MAR-02 RR:CR:SM 563278 DCC
Michael D. Sandler
Sandler Ahern & McConaughy PLLC
1200 Fifth Avenue, Suite 1900
Seattle, WA 98101-3135
RE: Country of origin marking for ready-to-assemble patio furniture; container marking; 19 C.F.R. 134.32(d)
Dear Mr. Sandler:
This is in reference to your letter of April 7, 2005, requesting a ruling on behalf of Costco Wholesale Corp. (“Costco”), concerning the country of origin marking requirements applicable to unassembled patio furniture imported from China. In addition to your letter, you provided a signed declaration from the Costco Vice-President for Imports and photocopies of the packaging. Your request was forwarded to this office under a memorandum from the Customs and Border Protection (“CBP”) National Commodity Specialist Division, dated May 6, 2005.
The goods at issue are 10-piece patio furniture sets. Each set includes six chairs, two ottomans, one dining table, and one café table. The sets are imported and sold in ready-to-assemble condition. The furniture sets are manufactured in China. The chairs and ottomans have fabric panels which are made in the United States.
In China, the furniture sets are packaged into four cardboard cartons for shipment to the United States. The cartons are designed to protect the merchandise from damage during shipment and storage. The furniture remains in these cartons from the time of shipment until after the point of sale at a Costco warehouse. The marking “Made in China” is located on the bottom panel of cartons 1 and 2, and a side panel of cartons 3 and 4. Attached to the fabric panels are labels containing product information, including fabric care and country of origin. These labels read in part:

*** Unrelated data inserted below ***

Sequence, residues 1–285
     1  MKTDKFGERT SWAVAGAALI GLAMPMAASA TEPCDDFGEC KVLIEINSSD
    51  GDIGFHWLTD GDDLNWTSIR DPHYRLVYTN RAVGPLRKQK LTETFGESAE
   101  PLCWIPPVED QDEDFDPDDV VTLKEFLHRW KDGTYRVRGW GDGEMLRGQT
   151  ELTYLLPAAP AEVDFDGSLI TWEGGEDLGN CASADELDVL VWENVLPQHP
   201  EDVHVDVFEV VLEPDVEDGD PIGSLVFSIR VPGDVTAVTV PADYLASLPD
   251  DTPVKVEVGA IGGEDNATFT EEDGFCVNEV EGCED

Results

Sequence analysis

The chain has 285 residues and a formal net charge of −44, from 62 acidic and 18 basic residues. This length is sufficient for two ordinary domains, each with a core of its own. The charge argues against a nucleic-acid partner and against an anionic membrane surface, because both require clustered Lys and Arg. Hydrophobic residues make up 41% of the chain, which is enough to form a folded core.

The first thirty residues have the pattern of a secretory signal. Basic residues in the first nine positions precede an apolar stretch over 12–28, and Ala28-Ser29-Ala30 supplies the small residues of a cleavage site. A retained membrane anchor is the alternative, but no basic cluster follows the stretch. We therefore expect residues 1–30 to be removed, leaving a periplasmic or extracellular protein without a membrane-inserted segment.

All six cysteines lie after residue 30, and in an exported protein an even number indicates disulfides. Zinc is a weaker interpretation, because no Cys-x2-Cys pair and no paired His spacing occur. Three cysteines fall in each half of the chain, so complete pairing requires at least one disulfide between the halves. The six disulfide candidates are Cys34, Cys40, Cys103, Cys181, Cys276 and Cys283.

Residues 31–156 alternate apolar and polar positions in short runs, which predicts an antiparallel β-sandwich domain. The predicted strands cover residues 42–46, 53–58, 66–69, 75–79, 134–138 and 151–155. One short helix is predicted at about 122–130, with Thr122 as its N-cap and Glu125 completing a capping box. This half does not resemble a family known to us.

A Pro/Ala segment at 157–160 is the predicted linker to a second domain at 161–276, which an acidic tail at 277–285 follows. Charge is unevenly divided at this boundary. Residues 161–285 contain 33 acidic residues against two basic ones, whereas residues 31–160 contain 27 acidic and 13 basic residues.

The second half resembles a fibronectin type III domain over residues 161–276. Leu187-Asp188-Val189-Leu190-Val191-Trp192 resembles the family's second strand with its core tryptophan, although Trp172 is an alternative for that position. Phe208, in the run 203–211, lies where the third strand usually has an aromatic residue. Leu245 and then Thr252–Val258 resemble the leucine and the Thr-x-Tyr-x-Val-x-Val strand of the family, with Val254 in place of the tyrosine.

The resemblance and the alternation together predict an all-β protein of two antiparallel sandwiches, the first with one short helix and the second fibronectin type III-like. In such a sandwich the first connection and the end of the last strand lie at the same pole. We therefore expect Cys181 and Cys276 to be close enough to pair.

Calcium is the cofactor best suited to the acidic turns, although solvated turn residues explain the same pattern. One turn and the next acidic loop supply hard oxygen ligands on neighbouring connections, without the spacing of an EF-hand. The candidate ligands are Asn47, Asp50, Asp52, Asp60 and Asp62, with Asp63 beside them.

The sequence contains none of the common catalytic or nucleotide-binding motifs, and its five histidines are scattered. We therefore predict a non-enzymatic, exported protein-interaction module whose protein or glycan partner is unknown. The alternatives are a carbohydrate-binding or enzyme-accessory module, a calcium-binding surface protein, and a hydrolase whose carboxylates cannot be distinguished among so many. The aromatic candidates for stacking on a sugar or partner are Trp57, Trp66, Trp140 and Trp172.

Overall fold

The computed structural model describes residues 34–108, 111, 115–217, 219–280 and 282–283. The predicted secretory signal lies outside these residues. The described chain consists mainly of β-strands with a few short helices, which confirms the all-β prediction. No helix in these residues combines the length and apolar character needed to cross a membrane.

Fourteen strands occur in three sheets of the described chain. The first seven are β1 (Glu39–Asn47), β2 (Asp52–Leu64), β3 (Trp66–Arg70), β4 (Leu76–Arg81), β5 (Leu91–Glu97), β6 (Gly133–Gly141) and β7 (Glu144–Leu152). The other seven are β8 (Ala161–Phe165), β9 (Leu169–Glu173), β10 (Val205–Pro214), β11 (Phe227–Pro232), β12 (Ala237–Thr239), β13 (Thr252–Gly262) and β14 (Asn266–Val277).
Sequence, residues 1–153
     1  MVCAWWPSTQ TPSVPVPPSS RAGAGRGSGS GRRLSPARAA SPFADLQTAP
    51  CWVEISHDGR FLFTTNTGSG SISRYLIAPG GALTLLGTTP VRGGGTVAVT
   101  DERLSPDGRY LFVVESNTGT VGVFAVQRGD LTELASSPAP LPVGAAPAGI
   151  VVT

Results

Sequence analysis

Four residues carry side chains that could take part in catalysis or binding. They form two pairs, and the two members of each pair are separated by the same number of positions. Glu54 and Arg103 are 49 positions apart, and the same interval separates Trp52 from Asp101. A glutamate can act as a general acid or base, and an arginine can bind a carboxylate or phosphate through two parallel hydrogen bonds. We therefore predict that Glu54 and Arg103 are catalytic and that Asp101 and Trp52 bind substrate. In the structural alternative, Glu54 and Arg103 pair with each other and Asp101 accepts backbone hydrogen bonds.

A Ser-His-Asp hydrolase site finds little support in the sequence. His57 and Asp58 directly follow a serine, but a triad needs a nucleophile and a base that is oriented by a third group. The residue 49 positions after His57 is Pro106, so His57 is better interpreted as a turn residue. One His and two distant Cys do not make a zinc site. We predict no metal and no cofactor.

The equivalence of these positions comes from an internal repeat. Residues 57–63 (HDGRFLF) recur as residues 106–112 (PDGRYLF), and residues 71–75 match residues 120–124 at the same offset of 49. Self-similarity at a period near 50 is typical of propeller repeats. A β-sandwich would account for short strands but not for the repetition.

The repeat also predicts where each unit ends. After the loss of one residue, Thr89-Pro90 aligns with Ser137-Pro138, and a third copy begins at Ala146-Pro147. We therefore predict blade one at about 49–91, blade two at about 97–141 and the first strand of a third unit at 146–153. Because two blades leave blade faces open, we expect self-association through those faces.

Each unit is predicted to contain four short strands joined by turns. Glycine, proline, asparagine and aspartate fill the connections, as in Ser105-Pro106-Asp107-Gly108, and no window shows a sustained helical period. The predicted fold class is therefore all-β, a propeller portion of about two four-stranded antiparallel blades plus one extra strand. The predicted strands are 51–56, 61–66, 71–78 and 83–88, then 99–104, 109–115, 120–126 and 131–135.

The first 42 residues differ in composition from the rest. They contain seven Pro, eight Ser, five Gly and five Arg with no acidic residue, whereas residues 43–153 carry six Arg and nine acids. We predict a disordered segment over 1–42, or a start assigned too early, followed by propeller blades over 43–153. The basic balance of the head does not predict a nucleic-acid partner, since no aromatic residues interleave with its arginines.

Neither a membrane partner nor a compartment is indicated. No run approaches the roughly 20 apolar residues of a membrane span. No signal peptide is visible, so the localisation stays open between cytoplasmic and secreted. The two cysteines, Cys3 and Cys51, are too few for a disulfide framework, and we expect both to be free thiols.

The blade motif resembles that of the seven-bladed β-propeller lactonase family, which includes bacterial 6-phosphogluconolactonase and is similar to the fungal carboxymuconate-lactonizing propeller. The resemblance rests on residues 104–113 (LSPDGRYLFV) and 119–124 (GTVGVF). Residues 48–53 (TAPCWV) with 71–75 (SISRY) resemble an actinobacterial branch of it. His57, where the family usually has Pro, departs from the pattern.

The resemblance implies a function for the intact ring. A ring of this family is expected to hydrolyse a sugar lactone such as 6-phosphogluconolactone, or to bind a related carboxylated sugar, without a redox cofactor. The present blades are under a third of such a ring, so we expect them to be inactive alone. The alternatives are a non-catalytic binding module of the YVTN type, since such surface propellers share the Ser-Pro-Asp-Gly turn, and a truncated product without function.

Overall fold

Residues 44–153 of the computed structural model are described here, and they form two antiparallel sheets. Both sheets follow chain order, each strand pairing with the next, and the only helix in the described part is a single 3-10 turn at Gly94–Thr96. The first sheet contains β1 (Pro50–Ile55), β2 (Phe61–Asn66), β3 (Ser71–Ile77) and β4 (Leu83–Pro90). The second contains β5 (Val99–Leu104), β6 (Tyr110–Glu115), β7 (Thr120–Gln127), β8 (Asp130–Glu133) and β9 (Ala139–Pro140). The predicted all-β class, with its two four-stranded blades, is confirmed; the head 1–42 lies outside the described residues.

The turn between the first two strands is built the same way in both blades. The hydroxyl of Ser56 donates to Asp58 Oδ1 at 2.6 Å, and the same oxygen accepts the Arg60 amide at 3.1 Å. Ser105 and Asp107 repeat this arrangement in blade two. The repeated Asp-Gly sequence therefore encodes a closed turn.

By GLEN RAVEN, INC.
Made in the U.S.A.
Elbertex is a Registered Trademark
of Glen Raven, Inc.
Elbertex, a patented PVC
coated polyester / solution
dyed acrylic blend fabric,
should be cleaned regularly
to remove dirt. Most spills
can be cleaned with a
solution of cold water and
mild detergent. For stubborn
stains and mildew, chlorine
bleach can be used without
affecting the fabric color.
Rinse thoroughly with cold
water. Air dry.
On the exterior of each carton is a list and a diagram of the contents. One carton in each set has a color photo of the entire 10-piece set with a list of the ten items in the set. Each box within a particular set has a wide color band that encircles four sides of the box. Costco uses a different color band for each of its furniture models. This color-coded system ensures that customers receive one complete set. The packaging also includes information regarding the number of cartons required to form a complete furniture set.
Counsel proposes to mark the exterior of each carton “Made in China” to indicate the country of origin. At its warehouse outlets where the patio furniture is sold, Costco will set up an assembled display of the patio furniture in an area adjacent to the sets of unassembled furniture. Costco has agreed to attach a conspicuous label to each article on display that will read “ALL TEN PIECES – MADE IN CHINA.” In addition, a sign next to the sealed cartons will list the price of the 10-piece set. This sign will also include the statement “Made in China.” Costco also proposes to black out the “Made in USA” statement on each of the fabric labels.
Whether marking the container is acceptable for purposes of 19 U.S.C. 1304.
LAW AND ANALYSIS:
The marking statute, section 304, Tariff Act of 1930, as amended (19 U.S.C. 1304), provides that, unless excepted, every article of foreign origin (or its container) imported into the United States shall be marked in a conspicuous place as legibly, indelibly and permanently as the nature of the article (or its container) will permit, in such a manner as to indicate to the ultimate purchaser in the United States the English name of the country of origin of the article. Part 134, CBP Regulations (19 C.F.R. Part 134) implements the country of origin marking requirements and exceptions of 19 U.S.C. 1304.